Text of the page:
Rio de Janeiro, bathed in golden beaches and embraced by imposing mountains, is a symphony of contrasts. On one side, there’s the vibrant hustle of urban life, full of colors, rhythms, and an infectious energy. On the other, the serenity of natural landscapes that frame the city, such as the iconic Sugarloaf Mountain and the Christ the Redeemer statue, silent witnesses of time. The unique blend of cultures and the contagious joy of the carioca people resonate in the streets, in the captivating sambas, and in the passion for football. It’s a place where life unfolds to the rhythm of the waves and the beats of the heart of those who surrender to the magic of the Marvelous City.

Discover the origin of the name Rio de Janeiro

The city was officially mentioned for the first time when the second Portuguese exploratory expedition, led by Gaspar Lemos, arrived at the bay in January of 1502. The navigator understandably assumed it to be the mouth of a river, hence giving the region the name Rio de Janeiro.

However, it was only in 1530 that the Portuguese court sent an expedition to colonize the area, instead of simply using it as a stop on their maritime adventures. The French, on the other hand, had been in Rio de Janeiro and its surroundings since the beginning of the century and were eager to fight for dominance in the region. In 1560, after a series of skirmishes, the Portuguese expelled the French.

The city’s beginnings as such were on the Morro de São Januário, later known as Morro do Castelo, and later at Praça Quinze, which is still the vital center of Rio today. Rio de Janeiro developed thanks to its natural vocation as a port. Around the time gold was discovered in the state of Minas Gerais at the end of the 17th century, the Governor of Brazil became the Viceroy. Salvador was the capital of the colony, but the growing importance of Rio’s port ensured the transfer of the seat of power to the south.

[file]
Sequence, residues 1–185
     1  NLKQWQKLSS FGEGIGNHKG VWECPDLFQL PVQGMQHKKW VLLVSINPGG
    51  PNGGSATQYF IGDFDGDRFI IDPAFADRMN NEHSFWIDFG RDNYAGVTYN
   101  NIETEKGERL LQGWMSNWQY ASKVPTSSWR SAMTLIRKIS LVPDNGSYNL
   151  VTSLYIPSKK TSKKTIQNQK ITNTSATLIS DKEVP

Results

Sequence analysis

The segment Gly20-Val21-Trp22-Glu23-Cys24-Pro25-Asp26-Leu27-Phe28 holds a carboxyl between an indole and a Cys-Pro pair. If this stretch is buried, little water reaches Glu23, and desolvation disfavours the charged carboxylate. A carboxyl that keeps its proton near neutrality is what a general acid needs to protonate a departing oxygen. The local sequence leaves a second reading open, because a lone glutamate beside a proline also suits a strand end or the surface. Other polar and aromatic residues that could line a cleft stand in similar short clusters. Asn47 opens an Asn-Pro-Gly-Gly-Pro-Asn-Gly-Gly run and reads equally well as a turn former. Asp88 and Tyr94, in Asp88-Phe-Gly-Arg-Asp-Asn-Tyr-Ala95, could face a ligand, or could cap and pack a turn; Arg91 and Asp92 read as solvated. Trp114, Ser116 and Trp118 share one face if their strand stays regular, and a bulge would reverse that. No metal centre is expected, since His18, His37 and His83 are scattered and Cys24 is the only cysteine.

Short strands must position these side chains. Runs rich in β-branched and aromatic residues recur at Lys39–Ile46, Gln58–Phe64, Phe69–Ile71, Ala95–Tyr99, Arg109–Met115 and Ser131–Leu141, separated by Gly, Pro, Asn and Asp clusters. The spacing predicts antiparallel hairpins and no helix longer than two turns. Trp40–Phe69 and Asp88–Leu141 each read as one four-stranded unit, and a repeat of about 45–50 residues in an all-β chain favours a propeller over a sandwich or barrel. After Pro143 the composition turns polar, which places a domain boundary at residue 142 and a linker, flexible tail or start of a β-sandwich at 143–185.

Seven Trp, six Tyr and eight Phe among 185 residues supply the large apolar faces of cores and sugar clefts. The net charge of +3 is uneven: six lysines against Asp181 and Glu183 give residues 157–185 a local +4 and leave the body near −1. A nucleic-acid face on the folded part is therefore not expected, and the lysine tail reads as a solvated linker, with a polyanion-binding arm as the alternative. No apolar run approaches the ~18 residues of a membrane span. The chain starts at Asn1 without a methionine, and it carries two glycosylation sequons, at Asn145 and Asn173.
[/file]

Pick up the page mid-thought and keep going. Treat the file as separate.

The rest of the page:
In 1808, the Portuguese royal family came to Rio de Janeiro, a chosen refuge faced with the threat of Napoleonic invasion. When the royal family returned to Portugal and the independence of Brazil was declared in 1822, the gold mines had been exhausted, giving way to another wealth: coffee.

Growth continued for most of the 19th century, initially northward towards São Cristóvão and Tijuca, and then towards the south zone, passing through Glória, Flamengo, and Botafogo. However, in 1889, the abolition of slavery and scarce crops interrupted progress. This period of social and political upheaval led to the Proclamation of the Republic. Rio, then called the Federal District, remained the political center and the country’s capital.

At the beginning of the 20th century, wide streets and impressive buildings emerged, most in the French fin-de-siècle style. Rio de Janeiro retained its position until the inauguration of Brasília as the capital of the republic in 1960. A person native to Rio de Janeiro, things or facts related to it, are called ‘carioca,’ a word derived from the Tupi language, “kari’oka,” meaning a white man’s house.

Brazilian History
Matheus Araújo
Founder and Editor at Brazilian History | Website

Matheus is an entrepreneur at Araujo Media, where he serves as CEO and Creative Director. He shares analyses on his personal blog "" and is currently pursuing a degree in Advertising and Propaganda. Moreover, he has a passion for history, particularly that of Brazil, which led him to become the founder and editor of the Brazilian History portal.